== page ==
I don’t know if the Roter Ochsen is actually open or not at the moment, but when author Carol McGrath sent me a link to her blog post from early 2020, before all this crap descended on us, I just had to dream of a return visit to the Red Ox. I thought that you might like to run away there too and have virtual Pfälzer Bauernbratwürste and ein großes Bier vom Fass.
The author Carol McGrath in the Red Ox in Heldelberg
Paddy Leigh Fermor in Heidelberg by Carol McGrath.
I have always admired the writing of Paddy Leigh Fermor. He lived in Kalamitsi a short distance from the village in the Mani where I base myself during the summer. I never did get to meet him but have twice visited the villa he designed himself and part constructed with the assistance of a Greek friend who was a local builder.
My first visit was shortly after his death while it still held the manifest redolence of his long intrepid life, personal photos, military memorabilia and the eclectic artwork he collected during his lifetime. The second visit was last Autumn after necessary renovations had been carried out by The Benaki Museum with the support of the Stavros Niarchos Foundation. Inevitably this resulted somewhat in the loss of the aura of the man that previously had seemed to have been inured into the very fabric of the building.
It is still a magnificent memorial to a great Hellenophile, a British War Hero and a writer of unique talent. My introduction to his writing was in the early Eighties when I read his breakthrough book A Time of Gifts which to quote the back of my 1978 Penguin edition – “Like a tramp, a pilgrim, or a wandering scholar, an eighteen year old boy set out, one wet December day in 1933, to walk to Constantinople”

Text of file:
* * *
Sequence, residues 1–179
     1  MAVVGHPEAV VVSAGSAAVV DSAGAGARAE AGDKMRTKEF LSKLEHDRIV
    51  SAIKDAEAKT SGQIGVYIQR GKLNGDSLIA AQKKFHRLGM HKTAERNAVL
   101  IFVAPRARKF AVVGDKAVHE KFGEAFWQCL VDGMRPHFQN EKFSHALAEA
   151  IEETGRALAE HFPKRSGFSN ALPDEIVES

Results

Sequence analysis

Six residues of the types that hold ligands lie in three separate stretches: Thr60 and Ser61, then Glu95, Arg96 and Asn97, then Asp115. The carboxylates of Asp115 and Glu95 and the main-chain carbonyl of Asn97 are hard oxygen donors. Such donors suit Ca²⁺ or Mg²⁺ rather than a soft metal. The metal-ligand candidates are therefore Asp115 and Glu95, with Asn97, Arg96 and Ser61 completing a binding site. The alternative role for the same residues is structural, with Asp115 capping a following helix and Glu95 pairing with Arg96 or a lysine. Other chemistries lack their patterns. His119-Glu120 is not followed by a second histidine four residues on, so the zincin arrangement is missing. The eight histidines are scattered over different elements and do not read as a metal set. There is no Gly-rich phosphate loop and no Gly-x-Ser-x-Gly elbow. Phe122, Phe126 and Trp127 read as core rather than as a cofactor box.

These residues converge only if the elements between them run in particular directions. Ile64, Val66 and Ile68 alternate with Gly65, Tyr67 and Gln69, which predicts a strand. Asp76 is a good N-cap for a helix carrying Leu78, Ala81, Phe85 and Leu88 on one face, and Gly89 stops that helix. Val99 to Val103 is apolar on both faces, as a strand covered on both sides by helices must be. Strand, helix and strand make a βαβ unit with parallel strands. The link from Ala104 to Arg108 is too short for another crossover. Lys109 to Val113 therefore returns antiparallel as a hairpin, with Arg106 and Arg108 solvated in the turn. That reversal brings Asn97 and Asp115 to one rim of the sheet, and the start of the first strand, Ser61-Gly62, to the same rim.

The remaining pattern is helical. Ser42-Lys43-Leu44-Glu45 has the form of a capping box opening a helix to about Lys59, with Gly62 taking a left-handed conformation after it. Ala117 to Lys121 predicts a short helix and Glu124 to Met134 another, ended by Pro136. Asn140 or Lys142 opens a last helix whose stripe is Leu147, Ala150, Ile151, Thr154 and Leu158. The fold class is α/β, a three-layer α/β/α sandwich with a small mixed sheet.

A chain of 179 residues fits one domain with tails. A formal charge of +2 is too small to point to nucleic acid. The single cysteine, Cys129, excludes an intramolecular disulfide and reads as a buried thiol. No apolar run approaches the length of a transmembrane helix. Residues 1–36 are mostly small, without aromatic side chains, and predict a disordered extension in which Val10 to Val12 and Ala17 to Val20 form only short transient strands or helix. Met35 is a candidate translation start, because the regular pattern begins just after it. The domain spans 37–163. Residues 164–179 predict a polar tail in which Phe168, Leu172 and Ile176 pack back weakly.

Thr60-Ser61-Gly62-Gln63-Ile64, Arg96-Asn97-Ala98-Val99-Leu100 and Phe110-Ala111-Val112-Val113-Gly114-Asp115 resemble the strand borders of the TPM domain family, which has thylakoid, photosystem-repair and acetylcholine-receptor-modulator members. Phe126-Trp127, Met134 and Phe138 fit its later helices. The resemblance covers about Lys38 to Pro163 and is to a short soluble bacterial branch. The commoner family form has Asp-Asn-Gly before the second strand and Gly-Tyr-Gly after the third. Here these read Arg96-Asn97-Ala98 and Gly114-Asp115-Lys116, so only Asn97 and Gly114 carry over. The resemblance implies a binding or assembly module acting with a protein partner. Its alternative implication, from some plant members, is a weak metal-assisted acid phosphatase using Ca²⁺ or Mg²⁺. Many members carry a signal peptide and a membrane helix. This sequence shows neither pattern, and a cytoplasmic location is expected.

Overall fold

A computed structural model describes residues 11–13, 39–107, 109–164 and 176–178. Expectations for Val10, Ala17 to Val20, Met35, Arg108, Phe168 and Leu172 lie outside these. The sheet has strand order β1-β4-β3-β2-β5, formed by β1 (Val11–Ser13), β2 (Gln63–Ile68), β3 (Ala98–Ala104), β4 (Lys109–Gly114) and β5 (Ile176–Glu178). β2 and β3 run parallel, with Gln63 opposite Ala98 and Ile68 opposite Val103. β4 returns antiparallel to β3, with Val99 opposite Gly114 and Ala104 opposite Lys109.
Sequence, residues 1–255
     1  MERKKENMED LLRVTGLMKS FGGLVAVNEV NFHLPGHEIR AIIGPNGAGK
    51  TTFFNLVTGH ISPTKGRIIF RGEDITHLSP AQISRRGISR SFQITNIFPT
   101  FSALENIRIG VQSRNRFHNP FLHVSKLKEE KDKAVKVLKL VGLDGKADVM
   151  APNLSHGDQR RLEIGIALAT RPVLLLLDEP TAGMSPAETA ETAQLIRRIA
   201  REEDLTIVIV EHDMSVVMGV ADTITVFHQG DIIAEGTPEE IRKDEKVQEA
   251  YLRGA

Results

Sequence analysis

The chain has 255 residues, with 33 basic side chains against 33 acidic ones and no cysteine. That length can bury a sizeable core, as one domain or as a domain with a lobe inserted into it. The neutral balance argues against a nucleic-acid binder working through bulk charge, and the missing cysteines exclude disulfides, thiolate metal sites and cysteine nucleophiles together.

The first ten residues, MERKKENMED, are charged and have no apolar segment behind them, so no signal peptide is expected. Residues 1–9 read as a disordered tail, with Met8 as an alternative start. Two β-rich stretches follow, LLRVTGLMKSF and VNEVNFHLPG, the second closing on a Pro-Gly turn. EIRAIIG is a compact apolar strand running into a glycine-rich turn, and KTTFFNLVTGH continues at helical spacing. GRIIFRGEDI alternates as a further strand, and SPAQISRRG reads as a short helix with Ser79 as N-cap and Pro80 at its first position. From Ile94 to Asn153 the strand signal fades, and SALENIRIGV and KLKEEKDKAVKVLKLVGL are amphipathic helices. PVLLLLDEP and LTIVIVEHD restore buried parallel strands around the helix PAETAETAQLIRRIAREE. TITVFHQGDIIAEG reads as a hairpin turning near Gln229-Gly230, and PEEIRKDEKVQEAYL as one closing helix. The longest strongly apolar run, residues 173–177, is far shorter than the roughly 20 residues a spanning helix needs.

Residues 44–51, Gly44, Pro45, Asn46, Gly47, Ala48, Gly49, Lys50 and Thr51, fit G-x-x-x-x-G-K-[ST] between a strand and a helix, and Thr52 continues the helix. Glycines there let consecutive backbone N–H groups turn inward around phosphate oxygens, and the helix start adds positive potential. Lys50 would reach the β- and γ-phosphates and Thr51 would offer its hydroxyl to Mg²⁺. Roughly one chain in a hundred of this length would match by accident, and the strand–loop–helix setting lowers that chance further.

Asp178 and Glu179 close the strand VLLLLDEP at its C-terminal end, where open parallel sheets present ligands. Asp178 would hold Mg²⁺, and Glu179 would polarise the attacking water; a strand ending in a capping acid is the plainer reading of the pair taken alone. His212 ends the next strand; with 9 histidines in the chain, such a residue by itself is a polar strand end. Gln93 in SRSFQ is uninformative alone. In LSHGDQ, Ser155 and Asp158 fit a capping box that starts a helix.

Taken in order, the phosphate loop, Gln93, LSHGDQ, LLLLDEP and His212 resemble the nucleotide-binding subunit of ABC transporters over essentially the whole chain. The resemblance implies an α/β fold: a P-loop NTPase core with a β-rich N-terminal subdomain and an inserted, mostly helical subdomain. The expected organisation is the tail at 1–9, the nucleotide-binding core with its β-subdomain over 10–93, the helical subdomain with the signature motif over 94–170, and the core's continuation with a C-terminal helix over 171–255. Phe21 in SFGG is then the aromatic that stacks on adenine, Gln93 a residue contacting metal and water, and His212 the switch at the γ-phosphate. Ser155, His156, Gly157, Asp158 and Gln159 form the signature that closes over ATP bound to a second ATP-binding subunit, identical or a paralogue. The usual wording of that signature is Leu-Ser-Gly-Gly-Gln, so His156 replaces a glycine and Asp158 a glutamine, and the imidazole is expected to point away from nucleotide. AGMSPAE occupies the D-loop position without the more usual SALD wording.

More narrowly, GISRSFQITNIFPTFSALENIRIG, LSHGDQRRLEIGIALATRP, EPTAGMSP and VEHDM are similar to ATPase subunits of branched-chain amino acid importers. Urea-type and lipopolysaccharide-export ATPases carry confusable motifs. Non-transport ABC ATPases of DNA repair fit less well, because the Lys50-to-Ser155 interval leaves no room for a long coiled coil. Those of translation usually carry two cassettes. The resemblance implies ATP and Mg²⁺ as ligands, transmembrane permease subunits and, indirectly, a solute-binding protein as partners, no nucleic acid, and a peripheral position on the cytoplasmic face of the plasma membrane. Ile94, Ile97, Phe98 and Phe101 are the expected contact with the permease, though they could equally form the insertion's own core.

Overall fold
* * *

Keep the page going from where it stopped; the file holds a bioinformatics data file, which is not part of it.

A few years ago, not on foot, obviously, I retraced his visit to Heidelberg and the Red Ox Inn which today looks remarkably similar to his description of it dating back as it does to 1933. This Blog records in pictures that visit combined with Paddy’s original prose. Enjoy.
On the far side of the bridge I abandoned the Rhine for its tributary and after a few miles along the Neckar the steep lights of Heidelberg assembled.
It was dark by the time I climbed the main street and soon softly-lit panes of coloured glass, under the hanging sign of a Red Ox, were beckoning me indoors.
With freezing cheeks and hair caked with snow, I clumped into an entrancing haven of oak beams and carving and alcoves and changing floor levels. A jungle of impedimenta encrusted the interior – mugs and bottles and glasses and antlers- the innocent accumulation of years , not stage props of forced conviviality – and the whole place glowed with a universal patina. It was more like a room in a castle and, except for a cat asleep in front of the stove, quite empty.
Continue reading here …